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Canada’s Budget 2022 calls for C$3.8B to launch Critical Minerals Strategy

The Government of Canada has released Budget 2022. Among its measures is up to C$3.8 billion (US$3 billion) to implement Canada’s first Critical Minerals Strategy to capitalize on a growing need for the minerals used in everything from phones to electric cars.

The Budget also allocates more than $3 billion (US$2.4 billion) in funding to make zero-emission vehicles more affordable and to build a national network of charging stations. This includes $1.7 billion over five years to extend the Incentives for Zero-Emission Vehicles program until March 2025 to help more Canadians get behind the wheel of zero-emission vehicles as well as $547.5 million over four years to launch a new purchase incentive program for medium- and heavy-duty ZEVs to help businesses upgrade their fleets.

Critical Minerals. Canada has an abundance of a number of valuable critical minerals; however, these require significant investments to exploit. In Budget 2022, the federal government intends to make significant investments that would focus on priority critical mineral deposits, while working closely with affected Indigenous groups and through established regulatory processes.


Critical Mineral Opportunities in Canada. Source: Budget 2022

These investments will contribute to the development of a domestic zero-emissions vehicle value chain, including batteries, permanent magnets, and other electric vehicle components.

In total, Budget 2022 proposes to provide up to $3.8 billion in support over eight years, on a cash basis, starting in 2022-23, to implement Canada’s first Critical Minerals Strategy.

Critical mineral mining projects are expensive and come with a unique set of challenges that can often include remote locations, changing prices, and lengthy regulatory processes. Specific measures proposed in Budget 2022 to support critical mineral projects include:

  • Up to $1.5 billion over seven years, starting in 2023-24, for infrastructure investments that would support the development of the critical minerals supply chains, with a focus on priority deposits;

  • $79.2 million over five years on a cash basis, starting in 2022-23, for Natural Resources Canada to provide public access to integrated data sets to inform critical mineral exploration and development; and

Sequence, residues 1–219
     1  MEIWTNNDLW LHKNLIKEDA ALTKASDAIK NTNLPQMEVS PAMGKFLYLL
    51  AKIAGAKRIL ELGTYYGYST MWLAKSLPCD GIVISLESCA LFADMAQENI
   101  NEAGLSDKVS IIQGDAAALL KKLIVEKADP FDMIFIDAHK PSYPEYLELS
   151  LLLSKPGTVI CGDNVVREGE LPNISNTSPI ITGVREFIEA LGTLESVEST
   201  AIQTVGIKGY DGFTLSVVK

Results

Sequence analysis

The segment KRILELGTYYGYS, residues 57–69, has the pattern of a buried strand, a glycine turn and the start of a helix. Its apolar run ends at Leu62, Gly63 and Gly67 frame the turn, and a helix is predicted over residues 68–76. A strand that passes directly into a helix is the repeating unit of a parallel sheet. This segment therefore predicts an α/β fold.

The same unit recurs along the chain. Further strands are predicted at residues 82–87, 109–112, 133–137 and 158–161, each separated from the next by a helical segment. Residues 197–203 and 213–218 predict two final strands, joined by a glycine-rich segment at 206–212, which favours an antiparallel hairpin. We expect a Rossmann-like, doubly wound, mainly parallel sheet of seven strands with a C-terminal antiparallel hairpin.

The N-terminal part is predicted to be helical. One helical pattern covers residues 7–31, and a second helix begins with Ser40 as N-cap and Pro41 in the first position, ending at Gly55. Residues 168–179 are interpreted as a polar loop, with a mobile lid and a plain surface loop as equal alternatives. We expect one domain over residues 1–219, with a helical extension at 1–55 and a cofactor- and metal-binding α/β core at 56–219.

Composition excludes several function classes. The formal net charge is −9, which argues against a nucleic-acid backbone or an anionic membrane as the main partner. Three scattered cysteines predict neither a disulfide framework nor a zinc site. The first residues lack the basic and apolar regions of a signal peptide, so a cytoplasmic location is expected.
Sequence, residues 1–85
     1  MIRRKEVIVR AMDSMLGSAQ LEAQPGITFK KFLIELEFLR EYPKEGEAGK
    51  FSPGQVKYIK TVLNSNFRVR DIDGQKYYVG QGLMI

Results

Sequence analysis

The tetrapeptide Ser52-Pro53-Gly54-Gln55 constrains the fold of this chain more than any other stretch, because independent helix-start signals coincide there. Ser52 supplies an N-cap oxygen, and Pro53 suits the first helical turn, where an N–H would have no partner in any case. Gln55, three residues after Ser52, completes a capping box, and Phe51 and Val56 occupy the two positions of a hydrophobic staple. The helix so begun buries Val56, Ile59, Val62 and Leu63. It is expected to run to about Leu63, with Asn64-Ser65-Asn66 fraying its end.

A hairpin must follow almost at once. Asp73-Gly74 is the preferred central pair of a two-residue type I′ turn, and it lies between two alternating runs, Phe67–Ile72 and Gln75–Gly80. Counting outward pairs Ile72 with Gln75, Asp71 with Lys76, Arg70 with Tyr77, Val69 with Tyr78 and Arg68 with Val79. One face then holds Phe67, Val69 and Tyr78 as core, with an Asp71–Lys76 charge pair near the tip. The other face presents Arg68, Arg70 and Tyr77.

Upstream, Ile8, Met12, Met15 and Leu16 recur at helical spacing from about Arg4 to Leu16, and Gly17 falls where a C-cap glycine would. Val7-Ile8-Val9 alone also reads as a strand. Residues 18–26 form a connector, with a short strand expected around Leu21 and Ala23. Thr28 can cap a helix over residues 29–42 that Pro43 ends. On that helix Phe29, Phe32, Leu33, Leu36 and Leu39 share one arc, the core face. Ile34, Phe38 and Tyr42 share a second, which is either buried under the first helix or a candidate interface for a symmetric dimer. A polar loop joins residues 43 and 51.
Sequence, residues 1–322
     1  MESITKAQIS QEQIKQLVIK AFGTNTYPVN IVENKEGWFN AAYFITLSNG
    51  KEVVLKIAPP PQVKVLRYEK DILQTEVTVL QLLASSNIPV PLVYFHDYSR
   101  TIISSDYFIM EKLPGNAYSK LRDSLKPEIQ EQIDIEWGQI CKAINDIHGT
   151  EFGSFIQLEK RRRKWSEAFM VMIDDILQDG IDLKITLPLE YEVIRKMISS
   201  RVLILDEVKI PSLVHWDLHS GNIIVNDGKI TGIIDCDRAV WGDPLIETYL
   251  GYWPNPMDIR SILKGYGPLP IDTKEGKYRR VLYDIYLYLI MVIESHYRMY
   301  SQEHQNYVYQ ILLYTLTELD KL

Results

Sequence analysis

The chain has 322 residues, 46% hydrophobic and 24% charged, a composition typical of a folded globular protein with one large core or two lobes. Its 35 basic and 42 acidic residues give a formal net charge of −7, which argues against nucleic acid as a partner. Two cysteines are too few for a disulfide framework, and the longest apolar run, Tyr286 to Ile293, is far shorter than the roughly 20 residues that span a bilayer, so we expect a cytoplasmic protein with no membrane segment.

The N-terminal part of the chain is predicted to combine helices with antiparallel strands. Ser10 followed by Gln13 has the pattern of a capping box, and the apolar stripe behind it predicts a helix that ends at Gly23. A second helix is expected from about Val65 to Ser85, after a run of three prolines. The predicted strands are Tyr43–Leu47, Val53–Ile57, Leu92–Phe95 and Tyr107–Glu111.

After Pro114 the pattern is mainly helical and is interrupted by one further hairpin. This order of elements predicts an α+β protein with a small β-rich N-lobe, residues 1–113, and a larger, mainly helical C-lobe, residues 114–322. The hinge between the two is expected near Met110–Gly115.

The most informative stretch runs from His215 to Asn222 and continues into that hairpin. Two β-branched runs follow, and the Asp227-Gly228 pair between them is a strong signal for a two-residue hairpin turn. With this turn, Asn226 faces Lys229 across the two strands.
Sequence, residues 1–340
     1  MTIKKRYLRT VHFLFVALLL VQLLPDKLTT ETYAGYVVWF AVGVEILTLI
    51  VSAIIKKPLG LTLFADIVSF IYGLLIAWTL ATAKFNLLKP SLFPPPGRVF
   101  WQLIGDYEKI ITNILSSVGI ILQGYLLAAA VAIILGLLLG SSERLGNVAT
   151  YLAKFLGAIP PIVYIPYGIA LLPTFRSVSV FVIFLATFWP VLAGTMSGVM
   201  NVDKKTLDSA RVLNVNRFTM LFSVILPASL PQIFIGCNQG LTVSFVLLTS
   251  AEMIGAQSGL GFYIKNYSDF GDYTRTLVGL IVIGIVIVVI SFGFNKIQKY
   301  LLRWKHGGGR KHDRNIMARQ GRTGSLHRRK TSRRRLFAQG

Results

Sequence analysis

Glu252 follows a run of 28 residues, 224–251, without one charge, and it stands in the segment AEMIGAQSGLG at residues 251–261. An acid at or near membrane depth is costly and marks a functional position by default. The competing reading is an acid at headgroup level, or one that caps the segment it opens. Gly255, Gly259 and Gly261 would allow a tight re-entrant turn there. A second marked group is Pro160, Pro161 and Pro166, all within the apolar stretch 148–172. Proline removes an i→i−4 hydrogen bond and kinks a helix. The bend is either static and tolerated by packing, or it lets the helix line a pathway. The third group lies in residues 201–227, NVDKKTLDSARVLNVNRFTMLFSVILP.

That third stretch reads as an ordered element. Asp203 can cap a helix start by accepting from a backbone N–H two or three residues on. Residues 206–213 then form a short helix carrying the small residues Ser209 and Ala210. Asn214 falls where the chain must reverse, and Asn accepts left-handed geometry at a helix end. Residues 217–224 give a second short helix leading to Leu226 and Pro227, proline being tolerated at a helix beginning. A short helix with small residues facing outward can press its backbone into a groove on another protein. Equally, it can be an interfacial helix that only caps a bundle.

• The introduction of a new 30% Critical Mineral Exploration Tax Credit for specified mineral exploration expenses incurred in Canada and renounced to flow-through share investors.

The tax credit would apply to certain exploration expenditures targeted at nickel, lithium, cobalt, graphite, copper, rare earths elements, vanadium, tellurium, gallium, scandium, titanium, magnesium, zinc, platinum group metals, or uranium, and renounced as part of a flow-through share agreement entered into after Budget Day and on or before 31 March 2027.

To help critical minerals projects move forward in Canada, Budget 2022 makes important investments in improving regulatory processes:

  • Budget 2022 proposes to provide $10.6 million over three years, starting in 2024-25, to Natural Resources Canada to renew the Centre of Excellence on Critical Minerals, which works with provincial, territorial, and other partners, and that will provide direct assistance to help developers of critical minerals navigate regulatory processes and existing support measures.

  • Budget 2022 also proposes to provide up to $40 million over eight years, starting in 2022-23, to Crown-Indigenous Relations and Northern Affairs Canada to support northern regulatory processes.

The Toronto Stock Exchange (TSX) and TSX Venture Exchange (TSXV) are the world’s primary listing venues for mining and mineral exploration companies, with more than 1,170 issuers in 2021. Between 2017 and 2021, almost $45 billion of the world’s total equity capital for these mineral exploration and mining companies was raised by companies listed on the TSX or TSXV.

Canada’s list of critical minerals

  • Aluminum
  • Antimony
  • Bismuth
  • Cesium
  • Chromium
  • Cobalt
  • Copper
  • Fluorspar
  • Gallium
  • Germanium
  • Graphite
  • Helium
  • Indium
  • Lithium
  • Magnesium
  • Manganese
  • Molybdenum
  • Nickel
  • Niobium
  • Platinum group metals
  • Potash
  • Rare earth elements
  • Scandium
  • Tantalum
  • Tellurium
  • Tin
  • Titanium
  • Tungsten
  • Uranium
  • Vanadium
  • Zinc



Easier said than done.
The permitting process and typical NIMBYism self-interests delay these for years, if not decades.

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